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What is the treatment for Idiopathic Thrombocytopaenic Purpura (ITP)?

Q: One of my friend's mother has been diagnosed with a condition called ITP (Idiopathic Thrombocytopaenic Purpura). To start with, she developed purple patches in the hand (Day 1), leg & neck area, which was followed by fever, and then red spots started appearing all over the body. This was followed by numbness (off and on) in the hand and stuttering (off & on). At the same time, she had severe headache all along. When the numbness surfaced (Day 6), she was taken to a neuro-physician who ordered a MRI, which indicated bleeding in the brain. When the blood tests were done, the platelet count was 1000 (just one thousand)! The platelet count taken when the purple patches started appearing was perfectly normal (125,000). She was admitted to hospital and was administered platelets, but that did not help much. Then the doctors concluded (Day 8) suspected that it is a case of ITP and the bone-marrow was done. This revealed that there is no problem there. At this point (Day 9), the haematologist concluded that it is a case of ITP and put her on Dexamethasone & Methylprednisolone for three days. This also did not improve the count much. Then Immunoglobin was administered for 2 days (Day 11 & 12). This is when she started responding well. The platelet counts on Day 11, 12 & 13 were in the range of 150,000. They stopped the Immunoglobin but continued the steroids. On Day 16 she was discharged but the steroids were continued (Wysolone 50 mg) for another 5 days (Days 17-21). When the blood tests were conducted on Day 22, the platelet count had dropped to 10,000 again. The haematologist who is advising her asked her to get admitted again and now she is on Immunoglobin again. He says that she may have to undergo splenectomy (removal of spleen). I would like to know, if the diagnosis has been correct so far? Are the lines of treatments that are being tried out correct under the circumstances? Can anybody give suggestions as to what are the best means of treatment in such a case?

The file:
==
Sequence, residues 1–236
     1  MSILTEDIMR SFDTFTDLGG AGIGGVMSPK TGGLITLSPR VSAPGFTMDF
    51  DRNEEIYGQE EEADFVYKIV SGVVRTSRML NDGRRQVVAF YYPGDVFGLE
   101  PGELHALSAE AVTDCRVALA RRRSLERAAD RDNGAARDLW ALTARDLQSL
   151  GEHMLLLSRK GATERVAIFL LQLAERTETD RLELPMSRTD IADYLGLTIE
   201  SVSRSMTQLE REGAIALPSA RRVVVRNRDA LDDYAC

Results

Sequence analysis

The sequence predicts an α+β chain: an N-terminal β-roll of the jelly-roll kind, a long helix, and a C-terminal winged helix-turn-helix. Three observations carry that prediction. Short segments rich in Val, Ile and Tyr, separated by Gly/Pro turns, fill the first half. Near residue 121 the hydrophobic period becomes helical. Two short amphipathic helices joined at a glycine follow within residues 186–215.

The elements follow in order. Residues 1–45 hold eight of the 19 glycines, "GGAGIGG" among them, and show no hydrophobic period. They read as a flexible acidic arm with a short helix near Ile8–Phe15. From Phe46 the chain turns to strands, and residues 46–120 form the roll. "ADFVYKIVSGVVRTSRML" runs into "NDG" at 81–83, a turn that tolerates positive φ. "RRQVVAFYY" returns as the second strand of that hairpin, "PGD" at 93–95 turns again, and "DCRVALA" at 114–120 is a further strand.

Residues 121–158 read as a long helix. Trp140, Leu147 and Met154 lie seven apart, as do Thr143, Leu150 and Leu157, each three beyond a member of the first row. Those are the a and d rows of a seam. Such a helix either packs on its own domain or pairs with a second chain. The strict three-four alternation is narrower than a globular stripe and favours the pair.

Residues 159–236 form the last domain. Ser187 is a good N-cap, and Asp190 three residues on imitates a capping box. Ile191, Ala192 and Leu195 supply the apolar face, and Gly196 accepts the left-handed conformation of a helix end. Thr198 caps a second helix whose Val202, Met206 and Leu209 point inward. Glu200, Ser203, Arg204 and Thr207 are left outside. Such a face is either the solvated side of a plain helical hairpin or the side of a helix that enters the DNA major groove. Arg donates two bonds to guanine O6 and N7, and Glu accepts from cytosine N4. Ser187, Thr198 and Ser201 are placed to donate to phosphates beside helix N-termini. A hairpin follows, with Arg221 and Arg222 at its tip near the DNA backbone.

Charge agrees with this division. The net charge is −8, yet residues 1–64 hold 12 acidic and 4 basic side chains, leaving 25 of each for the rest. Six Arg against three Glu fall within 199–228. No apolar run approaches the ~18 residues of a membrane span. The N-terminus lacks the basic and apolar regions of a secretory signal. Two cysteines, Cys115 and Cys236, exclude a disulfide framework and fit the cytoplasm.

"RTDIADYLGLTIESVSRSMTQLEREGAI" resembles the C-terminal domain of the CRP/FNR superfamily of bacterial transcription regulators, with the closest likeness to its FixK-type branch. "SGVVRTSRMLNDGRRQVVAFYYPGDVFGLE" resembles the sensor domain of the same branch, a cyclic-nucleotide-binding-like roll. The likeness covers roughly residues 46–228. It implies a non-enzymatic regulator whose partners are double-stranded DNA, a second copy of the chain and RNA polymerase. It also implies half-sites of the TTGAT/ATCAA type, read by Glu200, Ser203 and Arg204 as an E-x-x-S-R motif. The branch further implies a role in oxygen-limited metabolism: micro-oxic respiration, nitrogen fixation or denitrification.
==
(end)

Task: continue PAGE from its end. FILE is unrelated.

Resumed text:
A:Platelets (thrombocytes) are a type of blood cells, which are formed in the bone marrow from large cells called megakaryocytes. They are critical for the clotting of blood and have lifespan of about 10 days. The normal platelet count ranges from 150,000 - 400,000/ml and a reduction in platelets is referred to as thrombocytopaenia. This may be mild (100,000 - 150,000/ml), moderate (50,000 - 100,000/ml) or severe (less than 50,000/ml). Platelets may be low due to: a)Increased destruction (immunologic infections, drugs; gestational thrombocytopaenia) or utilisation (disseminated intra-vascular coagulation; abnormal vasculature as seen in haemolytic uraemic syndrome & thrombotic thrombocytopaenic purpura), b)decreased production (leukaemia, aplastic anaemia, megaloblastic anaemia, drugs, infections or Sequestration in the spleen (cirrhosis of liver). Even though there is a diverse list of potential underlying causes of thrombocytopaenia, most cases fall within two major categories: impaired platelet production or accelerated platelet destruction. The usual cause is an immune-mediated destruction secondary to an infection or drug or some primary disease called idiopathic thrombocytopaenic purpura (ITP). Distinguishing ITP from other conditions is usually done clinically, paying careful attention to the onset of symptoms, family history, medication use, and recent illnesses. Idiopathic thrombocytopaenic purpura (ITP) is the presence of isolated thrombocytopaenia with a normal bone marrow and the absence of other causes to account for it. ITP is caused by increased peripheral platelet destruction, with most patients having antibodies to specific platelet membrane glycoproteins while relative marrow failure may contribute to this. As the bone marrow is normal, there is no primary haematologic cause for thrombocytopaenia and her doctor will have to exclude infection and review her medications to find the cause. There are two distinct types - acute ITP in children, which has an abrupt onset and chronic ITP in adults, which is gradual in its appearance. No treatment is required when the platelet counts are more than 50,000/ml. Treatment is indicated a)when platelets are less than this and there is significant mucous membrane bleeding; b)in patients with hypertension, peptic ulcer disease or vigorous lifestyle who have a risk factor for bleeding and c)when platelet count <20,000-30,000/ml. Glucocorticoids and intra-venous gammaglobulins (I.V. Ig) are the mainstays of medical therapy. Their use and dose is dictated by the symptoms, patient's clinical condition and the platelet count. Platelet transfusion is indicated for controlling severe haemorrhage. Platelet survival is increased if the platelets are transfused immediately after I.V. Ig infusion. Splenectomy is reserved for patients in whom medical therapy fails. Long-term steroid use and splenectomy are associated with certain complications. Steroids may lead to osteoporosis, glaucoma, cataracts, loss of muscle mass, and an increased risk of infection while splenectomy can cause infection or sepsis. Laparoscopic splenectomy is readily available in most major hospitals in India and you can easily have this surgery done here.


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